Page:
Don't miss our screening of The Front, written by Walter Bernstein, who received an Oscar nomination for best screenplay in 1976, and directed by Martin Ritt. Both were victims of the blacklist themselves. The movie takes a comedic look at what happened during this dark period in American History. Screening to be followed by a conversation and Q&A.
See full article at CinemaRetro »

Blu-ray Release: The Front

Blu-ray Release Date: Feb. 25, 2014

Price: Blu-ray $29.95

Studio: Twilight Time

Woody Allen stars in The Front.

Woody Allen (To Rome with Love) stars in his first dramatic role (well, let’s call it laugh-tinged dramatic) in the 1976 comedy drama The Front, making its Blu-ray premiere courtesy of Twilight Time.

Allen is Howard Prince, a nebbishy cashier/part-time bookie who, during the McCarthy-era communist witch-hunt, does a favor for an old school friend, a blacklisted TV writer (Michael Murphy, Nashville). As his pal’s “front”—representing the scribe’s work as his own and collecting ten percent of the profits—the apolitical schlemiel is soon enjoying not just the money but the perks, including the love of a sophisticated young producer (Andrea Marcovicci, Irene in Time). But in an atmosphere of fear, nobody’s above suspicion, and Howard’s growing friendship with unfairly accused blacklisted performer Hecky Brown (Zero Mostel, The Producers
See full article at Disc Dish »

Top Ten Tuesday – The Best of Burt Reynolds

Article by Jim Batts, Dana Jung, Travis Keune, and Tom Stockman

We like to celebrate the movie tough guys of the ’70s here at We Are Movie Geeks and at Super-8 Movie Madness. We’ve posted Top Ten lists to tie into Super-8 shows featuring Charles Bronson (Here), Clint Eastwood (Here), and Lee Marvin (Here). This month we’re going to honor the #1 top money-making star for five consecutive years – 1978 – 1982 – Burt Reynolds. On February 11th, 1936, Reynolds was born in Waycross, Georgia, before his family moved to Jupiter Florida, where his father served as Chief of Police. Young Burt excelled at sports and played football at Florida State University. He became an All Star Southern Conference halfback (and was earmarked by the Baltimore Colts) before injuries sidelined his football career. He dropped out of college and headed to New York with dreams of becoming an actor. There he worked in restaurants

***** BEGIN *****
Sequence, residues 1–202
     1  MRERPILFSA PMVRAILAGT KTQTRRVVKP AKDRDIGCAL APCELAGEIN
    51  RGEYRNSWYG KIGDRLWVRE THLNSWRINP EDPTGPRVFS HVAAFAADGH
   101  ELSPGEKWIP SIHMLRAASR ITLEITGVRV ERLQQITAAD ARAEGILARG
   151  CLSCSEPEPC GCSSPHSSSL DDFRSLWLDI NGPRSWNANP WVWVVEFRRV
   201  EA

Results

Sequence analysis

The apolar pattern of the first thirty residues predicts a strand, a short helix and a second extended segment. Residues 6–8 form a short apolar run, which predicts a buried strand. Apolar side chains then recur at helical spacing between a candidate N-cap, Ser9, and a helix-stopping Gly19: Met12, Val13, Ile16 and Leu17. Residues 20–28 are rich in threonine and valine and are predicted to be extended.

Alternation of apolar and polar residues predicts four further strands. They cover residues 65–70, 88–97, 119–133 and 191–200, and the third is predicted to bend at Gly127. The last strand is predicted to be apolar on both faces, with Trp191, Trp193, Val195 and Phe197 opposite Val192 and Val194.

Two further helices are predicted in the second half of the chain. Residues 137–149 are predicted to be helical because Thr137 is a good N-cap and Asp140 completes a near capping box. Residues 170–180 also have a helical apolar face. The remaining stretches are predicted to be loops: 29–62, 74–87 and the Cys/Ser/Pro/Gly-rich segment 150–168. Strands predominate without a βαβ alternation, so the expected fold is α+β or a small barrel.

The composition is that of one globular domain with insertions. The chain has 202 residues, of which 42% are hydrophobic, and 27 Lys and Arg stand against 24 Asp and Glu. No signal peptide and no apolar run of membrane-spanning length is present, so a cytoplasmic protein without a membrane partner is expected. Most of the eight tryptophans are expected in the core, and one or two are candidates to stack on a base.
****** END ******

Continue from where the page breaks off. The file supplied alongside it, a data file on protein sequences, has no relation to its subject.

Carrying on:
See full article at WeAreMovieGeeks.com »

Top Ten Tuesday – The Best of Lee Marvin

Article by Jim Batts, Dana Jung, and Tom Stockman

We’re celebrating one of Hollywood’s great tough guys and one of our favorite actors September 6th at The Way Out Club in St. Louis with Super-8 Lee Marvin Movie Madness.

Lee Marvin rose through the ranks of movie stardom as a character actor, delivering mostly villainous supporting turns in many films before finally graduating to leading roles. Regardless of which side of the law he was on however, he projected a tough-as-nails intensity and a two-fisted integrity which elevated even the slightest material. Born February 19, 1924, in New York City, Marvin quit high school to enter the Marine Corps and while serving in the South Pacific was badly wounded in battle when a machine gun nest shot off part of his buttocks and severed his sciatic nerve. He spent a year in recovery before returning to the U.S. where
See full article at WeAreMovieGeeks.com »

Jill Clayburgh obituary

Witty and sophisticated American film star known for her role in An Unmarried Woman

The actor Jill Clayburgh, who has died of leukaemia aged 66, was one of the brightest female stars of the 1970s, yet was somewhat forgotten in the decade that followed. "If they don't give me good parts in movies, I'm just not going to do them. And there's a time when they just move on to the next person," Clayburgh said prophetically at the height of her fame in 1978. Perhaps conservative Hollywood did not really know how to cope with an independent-minded, intelligent performer who refused to be pigeonholed.

Born in Manhattan, New York, Clayburgh was the daughter of wealthy parents. Her father was the vice-president of two large companies and her mother was a secretary to the Broadway producer David Merrick. As a child, Clayburgh was inspired to become an actor when she saw Jean Arthur
See full article at The Guardian - TV News »

Jill Clayburgh obituary

Witty and sophisticated American film star known for her role in An Unmarried Woman

The actor Jill Clayburgh, who has died of leukaemia aged 66, was one of the brightest female stars of the 1970s, yet was somewhat forgotten in the decade that followed. "If they don't give me good parts in movies, I'm just not going to do them. And there's a time when they just move on to the next person," Clayburgh said prophetically at the height of her fame in 1978. Perhaps conservative Hollywood did not really know how to cope with an independent-minded, intelligent performer who refused to be pigeonholed.